The past four years have been the most remarkable since oil and gas exploration started in Kenya in the early 1940s. During this period, 45 exploration wells have been drilled, more than the number drilled since the 1940s.
At the same time, Kenya has undertaken extensive policy, legal, and institutional reforms in line with the Constitution of Kenya 2010.
This review has seen Parliaments approval of the Petroleum Bill 2015, the Community Land Bill 2015, and the Energy Bill 2015.
These Bills set out the industrys regulatory structure and ensure that it is managed in a transparent and equitable manner, with all production-sharing agreements ratified by Parliament.
The Bills also ensure the protection of the environment and local community participation, and also provide a framework for managing the fiscal opportunities and risks of oil revenues expected once commercial production begins.
The government, in collaboration with the Turkana county government and the Kenya Joint Venture Partners Tullow Oil, Africa Oil, and Maersk Oil is working on the Early Oil Pilot Scheme, which will produce oil from five wells, with phase one targeting 2,000 barrels a day.
The oil will be transported from Turkana to Mombasa by road in insulated tanktainers.
Trucking of oil by road is widely practised in the world, for example in the United States, Canada, India, Russia, and Kazakhstan. At current oil prices, the scheme is not expected to generate significant revenue.
The project that most resembles Kenyas is the Cairn India oil project. The crude oil produced at the Rajasthan fields is currently transported in the worlds longest continuously heated pipeline. Before the pipeline was built, Cairn India transported between 20,000 and 30,000 barrels of crude oil a day by road, over 750 kilometres, to the port at Kandla.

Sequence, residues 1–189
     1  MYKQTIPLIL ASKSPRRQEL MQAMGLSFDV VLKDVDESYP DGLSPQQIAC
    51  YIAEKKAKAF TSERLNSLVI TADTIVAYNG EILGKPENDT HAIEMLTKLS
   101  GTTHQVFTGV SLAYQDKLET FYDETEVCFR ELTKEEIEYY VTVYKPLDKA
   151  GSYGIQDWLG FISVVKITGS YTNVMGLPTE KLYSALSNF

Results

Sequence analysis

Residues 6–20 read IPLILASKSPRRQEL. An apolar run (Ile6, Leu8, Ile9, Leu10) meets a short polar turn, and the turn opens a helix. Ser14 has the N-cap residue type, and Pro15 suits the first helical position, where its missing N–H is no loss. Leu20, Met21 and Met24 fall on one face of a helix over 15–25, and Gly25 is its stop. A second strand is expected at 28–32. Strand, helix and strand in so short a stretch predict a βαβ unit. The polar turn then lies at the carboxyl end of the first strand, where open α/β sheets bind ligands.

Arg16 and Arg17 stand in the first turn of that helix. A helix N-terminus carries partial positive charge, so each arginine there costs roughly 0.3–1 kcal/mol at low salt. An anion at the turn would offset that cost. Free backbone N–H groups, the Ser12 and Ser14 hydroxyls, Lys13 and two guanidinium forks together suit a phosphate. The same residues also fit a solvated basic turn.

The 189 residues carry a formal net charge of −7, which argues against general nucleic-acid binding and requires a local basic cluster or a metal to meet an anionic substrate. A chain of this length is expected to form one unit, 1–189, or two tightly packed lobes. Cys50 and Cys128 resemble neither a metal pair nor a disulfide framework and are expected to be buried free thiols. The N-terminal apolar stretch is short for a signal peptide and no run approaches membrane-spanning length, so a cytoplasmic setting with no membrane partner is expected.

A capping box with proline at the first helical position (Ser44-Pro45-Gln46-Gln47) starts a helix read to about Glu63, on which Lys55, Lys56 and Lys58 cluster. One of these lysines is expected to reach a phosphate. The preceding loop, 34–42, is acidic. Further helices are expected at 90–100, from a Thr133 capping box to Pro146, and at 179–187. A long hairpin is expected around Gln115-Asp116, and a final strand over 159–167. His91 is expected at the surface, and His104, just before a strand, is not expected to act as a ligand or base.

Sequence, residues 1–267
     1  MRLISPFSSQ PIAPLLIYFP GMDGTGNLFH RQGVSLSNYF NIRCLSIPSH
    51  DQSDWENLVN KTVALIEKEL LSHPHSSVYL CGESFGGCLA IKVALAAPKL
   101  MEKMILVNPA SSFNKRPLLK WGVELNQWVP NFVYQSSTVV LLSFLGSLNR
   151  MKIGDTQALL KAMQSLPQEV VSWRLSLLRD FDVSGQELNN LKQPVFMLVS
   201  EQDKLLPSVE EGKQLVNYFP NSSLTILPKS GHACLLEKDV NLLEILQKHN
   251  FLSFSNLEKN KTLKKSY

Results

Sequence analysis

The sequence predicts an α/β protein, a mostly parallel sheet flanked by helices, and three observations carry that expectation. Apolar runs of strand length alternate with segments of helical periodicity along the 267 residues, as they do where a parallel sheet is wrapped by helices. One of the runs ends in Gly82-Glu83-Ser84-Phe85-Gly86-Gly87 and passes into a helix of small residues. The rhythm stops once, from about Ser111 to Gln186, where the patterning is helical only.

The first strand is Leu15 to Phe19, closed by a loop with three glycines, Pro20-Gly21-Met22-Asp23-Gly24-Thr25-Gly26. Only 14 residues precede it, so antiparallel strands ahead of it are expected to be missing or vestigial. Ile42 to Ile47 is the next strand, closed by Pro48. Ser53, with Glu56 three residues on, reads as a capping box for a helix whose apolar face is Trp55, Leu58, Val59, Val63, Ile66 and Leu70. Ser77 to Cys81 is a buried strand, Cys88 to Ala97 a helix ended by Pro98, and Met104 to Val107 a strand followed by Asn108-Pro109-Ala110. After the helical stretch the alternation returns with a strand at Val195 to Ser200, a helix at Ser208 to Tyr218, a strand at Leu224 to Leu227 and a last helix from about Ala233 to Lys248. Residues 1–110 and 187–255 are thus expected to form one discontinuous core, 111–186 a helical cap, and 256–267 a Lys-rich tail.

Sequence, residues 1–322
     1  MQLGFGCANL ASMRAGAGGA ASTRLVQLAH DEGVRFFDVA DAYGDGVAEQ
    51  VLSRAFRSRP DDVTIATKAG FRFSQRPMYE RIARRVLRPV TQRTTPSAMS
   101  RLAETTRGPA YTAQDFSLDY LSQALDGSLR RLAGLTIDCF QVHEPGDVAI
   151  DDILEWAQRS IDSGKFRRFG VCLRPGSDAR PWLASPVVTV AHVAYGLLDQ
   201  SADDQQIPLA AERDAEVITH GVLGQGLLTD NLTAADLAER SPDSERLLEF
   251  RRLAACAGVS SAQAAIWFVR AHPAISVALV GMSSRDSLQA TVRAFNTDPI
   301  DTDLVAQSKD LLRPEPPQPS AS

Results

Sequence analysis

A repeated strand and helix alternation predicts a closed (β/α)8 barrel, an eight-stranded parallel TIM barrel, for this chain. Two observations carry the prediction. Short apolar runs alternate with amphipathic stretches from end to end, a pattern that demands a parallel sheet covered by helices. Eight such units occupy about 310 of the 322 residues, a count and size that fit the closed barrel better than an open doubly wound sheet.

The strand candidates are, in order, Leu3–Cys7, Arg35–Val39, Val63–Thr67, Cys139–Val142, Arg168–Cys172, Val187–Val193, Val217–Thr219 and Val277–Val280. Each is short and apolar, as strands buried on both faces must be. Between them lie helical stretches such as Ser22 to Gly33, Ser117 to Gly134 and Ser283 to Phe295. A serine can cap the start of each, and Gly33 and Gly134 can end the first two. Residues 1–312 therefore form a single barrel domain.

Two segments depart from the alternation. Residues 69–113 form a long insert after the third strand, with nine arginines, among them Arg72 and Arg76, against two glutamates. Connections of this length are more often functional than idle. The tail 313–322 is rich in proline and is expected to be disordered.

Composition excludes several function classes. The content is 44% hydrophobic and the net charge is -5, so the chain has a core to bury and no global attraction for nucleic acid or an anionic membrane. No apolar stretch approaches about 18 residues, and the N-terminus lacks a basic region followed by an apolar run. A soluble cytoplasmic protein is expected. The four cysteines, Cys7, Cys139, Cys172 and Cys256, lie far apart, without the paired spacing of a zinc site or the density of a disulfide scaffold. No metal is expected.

The early oil pilot scheme is an enabler and not a replacement of full field development, which will include the Lamu Port Southern Sudan-Ethiopia Transport Corridor and a crude oil pipeline from Turkana to Lamu carrying between 80,000 and 150,000 barrels of oil a day.
Although small-scale, the scheme will mark the first major milestone in Kenyas oil and gas industry, producing and exporting crude oil for the first time in the countrys history.
So, why the pilot scheme? First, it will be key in establishing logistical and technical infrastructure and other arrangements crucial for supporting full field development.
This will allow the operators to identify and manage risks associated with large capital-intensive development and so, reduce potential delays. The scheme will also provide an opportunity for both the national and county governments to gain the necessary experience and capabilities.
Second, the scheme will provide important technical well data for planning for full field development.
This is also known as the appraisal phase. It is necessary to produce more crude oil to understand the reservoirs better and increase Kenyas recoverable reserves from the current 750 million barrels to over 1 billion barrels
Third, the scheme will help establish Kenya as a crude oil exporter and provide valuable information on the international market for Kenyan crude. It will help introduce the oil to the market in a low-key way and provide an understanding of what potential buyers are prepared to pay for it.
Finally, the scheme will create employment and business opportunities and build the capabilities of local business in anticipation of full field development.
Therefore, the scheme is an important technical project that will be a key enabler for full field development, which is still years away.
Although the scheme will not immediately solve the challenges in Turkana, it will be a stimulus for tackling them. For example, the government has allocated Sh3.2 billion for the tarmacking of the road from Eldoret to Lokichar and will fund a modern 600 kilometre highway from Eldoret to Nadapal.
The section between Lochuma and Nadapal (including Kainuk bridge) has secured financing from the World Bank. This will open up Turkana county to trade and tourism.
The government recognises that the development of a successful oil and gas industry that will benefit current and future generations requires broad and concerted efforts by all relevant stakeholders.
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